The historic centre of Berlin, Mitte kept its name even when the city’s division made it East Berlin’s western frontier, ending at the Brandenburg Gate. On and off the boulevard Unter den Linden, Mitte represents grand and royal Berlin but equally Mitte is the messy maze of streets to the north and east where you can eat, drink, shop, get lost and bump into the chic Berliners who redefined the neighbourhood after the Wall fell.
The hub around the redbrick Hackescher Markt S-Bahn station was the first area of East Berlin to boom. Restaurants nestle between the arch supports of the station and each has a huge swath of outdoor tables. Musicians take turns serenading the crowds in the evenings. There’s more formal entertainment in the nearby Hackescher Höfe (Rosenthaler Str. 40-41) where bars, restaurants, theatres and shops inhabit courtyards numbered I to VIII. Dating to 1907, the first courtyard’s white ceramic tiles and coloured mosaics are an example of industrial art nouveau architecture. The boutiques on Rosenthaler, Neue Schönhauser, Alte Schönhauser and Gormann streets feature young designers and big name brand stores but this part of Mitte was once the humble stamping grounds of farmers and horses, then artisans and tradesmen.
By the late 17th century, Jews settled in after being invited to Berlin by the Great Elector Friedrich Wilhelm (1620 - 1688). In the 1940s, a few Jews living in this area survived the Holocaust under the protection of Otto Weidt, who ran a workshop for the blind and deaf, now the Museum Blindenwerkstatt Otto Weidt (Rosenthaler Str. 39, open 12:00 - 20:00, Sat & Sun 11:00 - 20:00, admission €1.50). It’s in an unrenovated courtyard that’s shedding layers of concert posters and half its plaster. This time capsule is what Mitte looked like for the first few years after reunification. Mitte would still be full of quaint half-timber houses and ornate turn-of-the-20th century architecture if Hitler had succeeded as an artist and stayed put in Austria. But World War II destroyed Berlin’s core and the city’s true medieval quarter – the Nikolaiviertel between Spandauer Straße, Rathaustraße and Mühlendamm – was left to the Communists to rebuild. They did an excellent job on the twin-spired Nikolaikirche (Nikolaikirchpl., open 10:00 - 18:00, closed Sun, admission €1.50) that dates to 1230, but their use of pre-fabricated concrete slabs for the rest of the Viertel leaves one cold.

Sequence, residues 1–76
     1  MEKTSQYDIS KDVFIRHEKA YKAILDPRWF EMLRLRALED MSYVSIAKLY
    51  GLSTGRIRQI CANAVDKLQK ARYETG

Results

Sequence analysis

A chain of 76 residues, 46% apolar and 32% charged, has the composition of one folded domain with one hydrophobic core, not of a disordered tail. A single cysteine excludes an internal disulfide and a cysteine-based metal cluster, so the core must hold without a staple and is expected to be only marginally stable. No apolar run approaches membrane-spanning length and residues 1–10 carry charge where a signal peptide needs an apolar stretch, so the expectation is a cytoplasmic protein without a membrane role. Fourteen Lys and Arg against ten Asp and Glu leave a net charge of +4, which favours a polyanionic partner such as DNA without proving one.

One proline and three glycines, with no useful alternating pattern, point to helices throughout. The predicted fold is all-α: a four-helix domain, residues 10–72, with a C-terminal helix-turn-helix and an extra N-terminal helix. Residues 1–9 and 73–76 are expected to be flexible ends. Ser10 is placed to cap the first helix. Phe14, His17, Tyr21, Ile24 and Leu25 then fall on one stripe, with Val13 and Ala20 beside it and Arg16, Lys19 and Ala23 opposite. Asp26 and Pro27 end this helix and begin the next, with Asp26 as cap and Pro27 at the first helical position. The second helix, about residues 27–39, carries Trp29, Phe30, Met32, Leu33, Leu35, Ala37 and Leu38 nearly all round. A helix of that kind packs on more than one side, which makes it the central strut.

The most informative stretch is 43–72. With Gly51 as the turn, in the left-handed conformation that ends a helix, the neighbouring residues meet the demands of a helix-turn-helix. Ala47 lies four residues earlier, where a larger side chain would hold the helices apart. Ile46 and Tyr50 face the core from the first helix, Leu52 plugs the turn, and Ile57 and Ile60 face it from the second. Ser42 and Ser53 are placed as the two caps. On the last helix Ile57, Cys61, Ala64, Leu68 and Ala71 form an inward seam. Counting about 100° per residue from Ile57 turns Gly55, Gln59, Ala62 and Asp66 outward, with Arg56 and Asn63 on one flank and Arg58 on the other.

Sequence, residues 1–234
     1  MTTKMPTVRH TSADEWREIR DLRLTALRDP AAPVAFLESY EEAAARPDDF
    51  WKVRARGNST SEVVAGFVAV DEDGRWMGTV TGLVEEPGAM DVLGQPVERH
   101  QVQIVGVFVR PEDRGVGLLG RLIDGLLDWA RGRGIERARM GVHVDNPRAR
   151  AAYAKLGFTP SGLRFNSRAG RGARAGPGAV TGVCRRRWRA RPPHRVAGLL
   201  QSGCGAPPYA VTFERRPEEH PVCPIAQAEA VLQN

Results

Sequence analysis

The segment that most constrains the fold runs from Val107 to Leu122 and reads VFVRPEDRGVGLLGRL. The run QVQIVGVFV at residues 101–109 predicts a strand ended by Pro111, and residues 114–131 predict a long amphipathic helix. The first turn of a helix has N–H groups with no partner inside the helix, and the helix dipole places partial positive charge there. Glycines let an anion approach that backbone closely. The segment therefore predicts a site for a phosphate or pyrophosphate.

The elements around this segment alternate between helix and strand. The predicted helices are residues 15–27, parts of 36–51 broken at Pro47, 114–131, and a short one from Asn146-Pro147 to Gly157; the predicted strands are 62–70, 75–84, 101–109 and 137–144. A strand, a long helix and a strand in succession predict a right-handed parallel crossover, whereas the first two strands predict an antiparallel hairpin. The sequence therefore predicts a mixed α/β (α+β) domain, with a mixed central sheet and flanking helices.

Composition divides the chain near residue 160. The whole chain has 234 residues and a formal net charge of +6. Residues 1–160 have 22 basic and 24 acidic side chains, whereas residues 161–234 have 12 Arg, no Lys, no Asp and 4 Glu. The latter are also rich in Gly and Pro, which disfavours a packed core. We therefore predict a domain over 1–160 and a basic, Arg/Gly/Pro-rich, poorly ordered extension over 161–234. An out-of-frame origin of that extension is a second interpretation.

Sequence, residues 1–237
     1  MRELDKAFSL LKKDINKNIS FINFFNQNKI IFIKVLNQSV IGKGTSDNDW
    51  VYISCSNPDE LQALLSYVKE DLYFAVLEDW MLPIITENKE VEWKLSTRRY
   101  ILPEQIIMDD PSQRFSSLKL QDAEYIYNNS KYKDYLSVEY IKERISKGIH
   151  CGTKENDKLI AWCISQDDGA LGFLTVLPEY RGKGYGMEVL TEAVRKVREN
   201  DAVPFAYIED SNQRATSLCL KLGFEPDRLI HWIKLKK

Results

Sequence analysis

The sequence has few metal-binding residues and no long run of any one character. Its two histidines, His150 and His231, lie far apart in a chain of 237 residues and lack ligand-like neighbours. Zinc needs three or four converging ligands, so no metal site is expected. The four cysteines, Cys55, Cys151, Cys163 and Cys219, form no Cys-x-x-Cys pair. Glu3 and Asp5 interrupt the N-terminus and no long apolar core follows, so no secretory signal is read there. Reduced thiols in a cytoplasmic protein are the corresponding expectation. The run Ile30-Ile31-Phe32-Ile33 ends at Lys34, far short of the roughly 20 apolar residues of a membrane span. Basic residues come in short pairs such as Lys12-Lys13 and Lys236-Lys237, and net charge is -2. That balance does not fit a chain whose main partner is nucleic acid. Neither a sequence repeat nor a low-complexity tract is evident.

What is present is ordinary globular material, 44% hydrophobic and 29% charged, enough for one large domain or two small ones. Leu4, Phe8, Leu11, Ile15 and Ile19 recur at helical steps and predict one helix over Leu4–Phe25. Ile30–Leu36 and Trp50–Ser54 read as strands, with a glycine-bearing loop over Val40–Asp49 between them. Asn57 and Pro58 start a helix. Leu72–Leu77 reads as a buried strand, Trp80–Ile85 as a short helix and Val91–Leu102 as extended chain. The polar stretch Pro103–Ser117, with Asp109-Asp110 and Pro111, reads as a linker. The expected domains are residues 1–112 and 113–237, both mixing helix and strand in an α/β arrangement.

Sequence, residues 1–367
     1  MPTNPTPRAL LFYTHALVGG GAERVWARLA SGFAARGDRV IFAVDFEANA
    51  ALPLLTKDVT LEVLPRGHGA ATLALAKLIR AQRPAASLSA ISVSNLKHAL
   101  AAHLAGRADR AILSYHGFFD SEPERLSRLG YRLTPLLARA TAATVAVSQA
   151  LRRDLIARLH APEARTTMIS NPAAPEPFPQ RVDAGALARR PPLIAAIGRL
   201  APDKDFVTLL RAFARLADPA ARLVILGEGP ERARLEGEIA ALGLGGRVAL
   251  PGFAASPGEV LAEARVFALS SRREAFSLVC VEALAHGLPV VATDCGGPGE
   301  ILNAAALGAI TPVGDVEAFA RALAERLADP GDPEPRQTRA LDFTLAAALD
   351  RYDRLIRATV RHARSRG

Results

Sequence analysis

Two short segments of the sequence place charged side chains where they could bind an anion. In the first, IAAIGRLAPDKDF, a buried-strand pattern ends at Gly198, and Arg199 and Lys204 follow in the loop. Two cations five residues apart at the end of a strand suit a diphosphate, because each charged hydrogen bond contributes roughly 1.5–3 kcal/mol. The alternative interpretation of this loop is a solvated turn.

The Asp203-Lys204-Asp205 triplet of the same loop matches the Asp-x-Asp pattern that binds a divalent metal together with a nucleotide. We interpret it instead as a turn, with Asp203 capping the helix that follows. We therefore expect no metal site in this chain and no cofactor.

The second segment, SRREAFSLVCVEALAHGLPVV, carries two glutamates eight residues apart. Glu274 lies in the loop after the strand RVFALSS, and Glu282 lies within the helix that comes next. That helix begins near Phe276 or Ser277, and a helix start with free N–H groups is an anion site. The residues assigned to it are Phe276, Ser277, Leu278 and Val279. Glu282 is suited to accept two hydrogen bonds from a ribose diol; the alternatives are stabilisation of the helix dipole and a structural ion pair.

For a look at turn-of-the-20th century street life, check out the cartoons of artist Heinrich Zille at his museum (Propststr. 11, MI, open 11:00 - 18:00, admission €3). Whatever hasn’t been restored or renovated, either by the old East German government or the united Federal Republic of Germany, is often put to avant-garde use, but creative types know it’s only time before their ramshackle space might become a Starbucks. Shops, galleries, restaurants and clubs in Mitte close, move or reinvent themselves faster than international magazines with three-month lead times can keep up with. Though chic Mitte has certainly become “Westernized,” don’t worry about missing the slow-paced, uncommercial “East” here. Some areas can be so quiet that it seems no one living there realizes they’re in the centre again.